The Experience You Need. The Attention You Deserve.

Notice Requirements for Workers’ Compensation in NolMO

Workers’ compensation is a highly valuable benefit system in Missouri. It provides employees with extremely helpful benefits if they are unable to work or have sustained medical expenses because of a work injury or accident.

For the system to function properly, both employers and employees must follow certain notice requirements set out by workers’ compensation law. These obligations encourage communication between the employer and the worker so that everyone has a fair opportunity to address a work-related injury or accident in the most efficient way possible.

Notice Requirements for Employers

Employers required to carry workers’ compensation insurance must post identifying information about their insurance carrier claim administrator for their employees. This posting must be located in a conspicuous place so that employees know who to contact if an injury occurs.

Once an injury has been reported to an employer, the employer must then, in turn, report the incident to the Division of Workers’ Compensation within 30 days. In most situations, and employer’s insurance company will end up reporting the accident on a company’s behalf. If the employer fails to make this convey this information, they may be charged with a misdemeanor.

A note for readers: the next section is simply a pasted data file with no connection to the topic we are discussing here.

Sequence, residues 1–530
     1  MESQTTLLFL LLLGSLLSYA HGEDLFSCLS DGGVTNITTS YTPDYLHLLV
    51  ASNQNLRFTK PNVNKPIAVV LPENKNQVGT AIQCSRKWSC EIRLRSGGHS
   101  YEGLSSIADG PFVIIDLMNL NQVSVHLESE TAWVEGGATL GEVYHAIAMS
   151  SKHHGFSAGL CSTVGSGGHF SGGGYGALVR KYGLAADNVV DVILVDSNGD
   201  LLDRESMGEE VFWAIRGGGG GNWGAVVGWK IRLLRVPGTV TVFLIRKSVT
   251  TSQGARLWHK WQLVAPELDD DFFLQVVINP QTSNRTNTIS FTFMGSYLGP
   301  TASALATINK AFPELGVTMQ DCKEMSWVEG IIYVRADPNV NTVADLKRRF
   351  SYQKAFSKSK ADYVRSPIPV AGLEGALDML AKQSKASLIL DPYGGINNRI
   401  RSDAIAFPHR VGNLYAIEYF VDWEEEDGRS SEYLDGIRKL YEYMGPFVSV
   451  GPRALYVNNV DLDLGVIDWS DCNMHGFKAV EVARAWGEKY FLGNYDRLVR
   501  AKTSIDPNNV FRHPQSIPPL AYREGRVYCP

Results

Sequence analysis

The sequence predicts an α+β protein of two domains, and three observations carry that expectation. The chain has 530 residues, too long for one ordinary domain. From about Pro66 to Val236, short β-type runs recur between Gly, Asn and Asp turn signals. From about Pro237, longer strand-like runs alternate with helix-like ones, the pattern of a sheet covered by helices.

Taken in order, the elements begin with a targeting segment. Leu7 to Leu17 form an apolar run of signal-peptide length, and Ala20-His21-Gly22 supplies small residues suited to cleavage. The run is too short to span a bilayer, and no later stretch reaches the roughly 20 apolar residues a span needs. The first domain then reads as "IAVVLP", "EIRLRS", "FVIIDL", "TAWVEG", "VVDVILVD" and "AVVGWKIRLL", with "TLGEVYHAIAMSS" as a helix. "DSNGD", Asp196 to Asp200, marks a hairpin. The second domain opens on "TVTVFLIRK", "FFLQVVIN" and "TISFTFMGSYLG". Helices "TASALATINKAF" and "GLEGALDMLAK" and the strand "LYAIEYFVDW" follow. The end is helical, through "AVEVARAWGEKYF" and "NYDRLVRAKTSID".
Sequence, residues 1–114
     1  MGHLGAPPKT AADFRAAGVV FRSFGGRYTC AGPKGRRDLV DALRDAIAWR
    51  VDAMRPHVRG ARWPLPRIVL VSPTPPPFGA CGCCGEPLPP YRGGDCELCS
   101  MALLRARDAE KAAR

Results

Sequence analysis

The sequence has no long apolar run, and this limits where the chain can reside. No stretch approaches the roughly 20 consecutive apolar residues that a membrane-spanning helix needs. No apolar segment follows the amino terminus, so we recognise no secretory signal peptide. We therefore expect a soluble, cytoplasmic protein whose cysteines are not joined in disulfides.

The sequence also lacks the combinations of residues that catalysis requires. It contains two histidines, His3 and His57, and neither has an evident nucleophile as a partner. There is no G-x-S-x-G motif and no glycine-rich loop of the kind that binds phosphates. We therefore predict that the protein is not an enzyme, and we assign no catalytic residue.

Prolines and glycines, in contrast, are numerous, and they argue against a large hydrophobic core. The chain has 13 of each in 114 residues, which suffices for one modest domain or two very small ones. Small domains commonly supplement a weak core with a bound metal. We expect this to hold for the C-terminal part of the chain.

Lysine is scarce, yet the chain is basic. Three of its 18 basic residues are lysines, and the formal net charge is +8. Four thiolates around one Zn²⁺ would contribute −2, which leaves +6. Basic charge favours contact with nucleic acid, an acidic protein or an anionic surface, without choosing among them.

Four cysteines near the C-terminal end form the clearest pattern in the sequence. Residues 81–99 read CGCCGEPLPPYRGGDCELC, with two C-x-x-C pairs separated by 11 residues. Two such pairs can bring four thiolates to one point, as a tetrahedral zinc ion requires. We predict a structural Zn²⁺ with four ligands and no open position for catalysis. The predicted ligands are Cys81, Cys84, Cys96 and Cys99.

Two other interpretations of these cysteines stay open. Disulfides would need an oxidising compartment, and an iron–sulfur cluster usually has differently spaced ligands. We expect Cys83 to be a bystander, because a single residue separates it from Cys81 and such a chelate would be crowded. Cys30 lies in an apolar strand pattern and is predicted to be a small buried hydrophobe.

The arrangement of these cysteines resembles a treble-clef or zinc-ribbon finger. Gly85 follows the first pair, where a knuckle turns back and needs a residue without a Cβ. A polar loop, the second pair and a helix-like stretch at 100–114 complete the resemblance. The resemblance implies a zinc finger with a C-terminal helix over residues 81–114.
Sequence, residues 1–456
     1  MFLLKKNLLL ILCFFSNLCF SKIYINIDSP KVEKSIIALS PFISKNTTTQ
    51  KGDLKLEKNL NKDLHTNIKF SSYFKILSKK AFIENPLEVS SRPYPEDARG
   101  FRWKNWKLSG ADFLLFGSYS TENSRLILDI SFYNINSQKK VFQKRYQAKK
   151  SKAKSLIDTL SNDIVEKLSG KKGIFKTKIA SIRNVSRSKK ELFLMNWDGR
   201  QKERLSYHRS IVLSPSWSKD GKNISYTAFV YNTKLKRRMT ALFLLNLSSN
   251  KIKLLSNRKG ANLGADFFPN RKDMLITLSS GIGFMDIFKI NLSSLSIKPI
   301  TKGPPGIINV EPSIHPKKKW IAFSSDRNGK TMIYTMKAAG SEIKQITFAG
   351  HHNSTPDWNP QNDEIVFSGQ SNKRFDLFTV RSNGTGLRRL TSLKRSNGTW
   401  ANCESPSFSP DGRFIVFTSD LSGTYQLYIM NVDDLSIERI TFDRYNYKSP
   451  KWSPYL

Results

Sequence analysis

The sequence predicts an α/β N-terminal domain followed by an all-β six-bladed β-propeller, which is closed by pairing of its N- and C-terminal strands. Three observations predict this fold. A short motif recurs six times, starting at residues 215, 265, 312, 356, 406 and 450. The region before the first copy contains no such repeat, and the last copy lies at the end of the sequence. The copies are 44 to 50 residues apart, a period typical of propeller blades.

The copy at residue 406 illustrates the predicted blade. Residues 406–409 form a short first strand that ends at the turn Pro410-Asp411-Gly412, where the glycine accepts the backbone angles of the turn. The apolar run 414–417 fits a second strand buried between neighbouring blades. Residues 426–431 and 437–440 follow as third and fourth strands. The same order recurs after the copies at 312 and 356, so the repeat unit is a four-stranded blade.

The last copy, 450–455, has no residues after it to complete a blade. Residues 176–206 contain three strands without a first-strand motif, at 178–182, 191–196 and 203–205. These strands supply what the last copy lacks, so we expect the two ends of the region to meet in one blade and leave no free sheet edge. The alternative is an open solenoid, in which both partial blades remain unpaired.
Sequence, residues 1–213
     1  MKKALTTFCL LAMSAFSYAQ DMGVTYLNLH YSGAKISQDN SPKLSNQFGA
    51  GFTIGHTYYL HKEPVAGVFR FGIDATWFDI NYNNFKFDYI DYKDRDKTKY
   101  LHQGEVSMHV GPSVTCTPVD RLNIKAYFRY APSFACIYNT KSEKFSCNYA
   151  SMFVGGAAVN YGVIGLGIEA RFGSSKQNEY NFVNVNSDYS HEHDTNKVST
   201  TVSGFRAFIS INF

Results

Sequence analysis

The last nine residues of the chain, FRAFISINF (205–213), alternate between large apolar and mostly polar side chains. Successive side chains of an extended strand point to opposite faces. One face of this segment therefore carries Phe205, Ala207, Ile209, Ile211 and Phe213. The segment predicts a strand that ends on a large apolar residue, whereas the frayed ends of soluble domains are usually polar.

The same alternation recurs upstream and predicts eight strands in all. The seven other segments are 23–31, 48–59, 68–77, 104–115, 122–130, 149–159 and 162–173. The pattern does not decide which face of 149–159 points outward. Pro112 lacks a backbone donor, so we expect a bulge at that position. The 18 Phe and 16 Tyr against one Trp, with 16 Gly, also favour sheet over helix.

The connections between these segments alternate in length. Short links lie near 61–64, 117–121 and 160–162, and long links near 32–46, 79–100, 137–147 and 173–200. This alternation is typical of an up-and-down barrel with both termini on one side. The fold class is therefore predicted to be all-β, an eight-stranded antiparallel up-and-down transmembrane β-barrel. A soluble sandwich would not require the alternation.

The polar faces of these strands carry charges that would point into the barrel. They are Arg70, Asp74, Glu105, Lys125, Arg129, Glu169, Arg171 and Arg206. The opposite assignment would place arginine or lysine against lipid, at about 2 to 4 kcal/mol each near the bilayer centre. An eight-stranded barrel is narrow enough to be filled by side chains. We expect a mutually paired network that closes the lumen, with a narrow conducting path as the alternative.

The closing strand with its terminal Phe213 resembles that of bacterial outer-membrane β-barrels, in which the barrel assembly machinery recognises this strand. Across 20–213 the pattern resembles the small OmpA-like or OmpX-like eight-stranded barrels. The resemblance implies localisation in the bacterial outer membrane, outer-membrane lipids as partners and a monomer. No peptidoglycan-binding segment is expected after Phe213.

Employee Notice Requirements

The most important notice requirement for personnel in workers’ compensation is the obligation to report to your employer regarding the accident or injury. Employees must notify their employer in writing regarding the following information:

  • The time of the injury

  • Where the injury occurred

  • A general description of the injury

  • The name and address of the individual who was harmed

This information should be provided to the employer within 30 days of the accident. In fact, a failure to report this information can completely bar a workers’ compensation claim in Missouri in most circumstances.

There are exceptions to this general rule, however. For example, if the injury caused complete incapacitation, the employee may not be able to physically or mentally report the damage to the employer. In those situations, you may be able to provide notice later.

In cases that involve repetitive injuries or occupational diseases, you should be sure to supply the above information to your employer as soon as you are diagnosed with a particular condition that you believe is work-related. The rules are slightly different for these claims because they can take months or even years to develop, and you may not realize the injury is work-related at first.

You may also be able to get around the written notice requirement by showing that the late notice did not prejudice the employer. The purpose of the notice requirement is so that the employer has time to investigate the claim and react accordingly. If, for example, you notified your employer verbally, he or she would still have a chance to explore the allegation promptly. This rule is basically a “no harm, no foul” rule. Nonetheless, you should not rely on this exception; written notice is always a good idea.

If you have been injured at work and are considering a workers’ compensation claim, you may want to speak with our office about your legal options and responsibilities under Missouri workers compensation law. Call 816-656-2596 for a free consultation.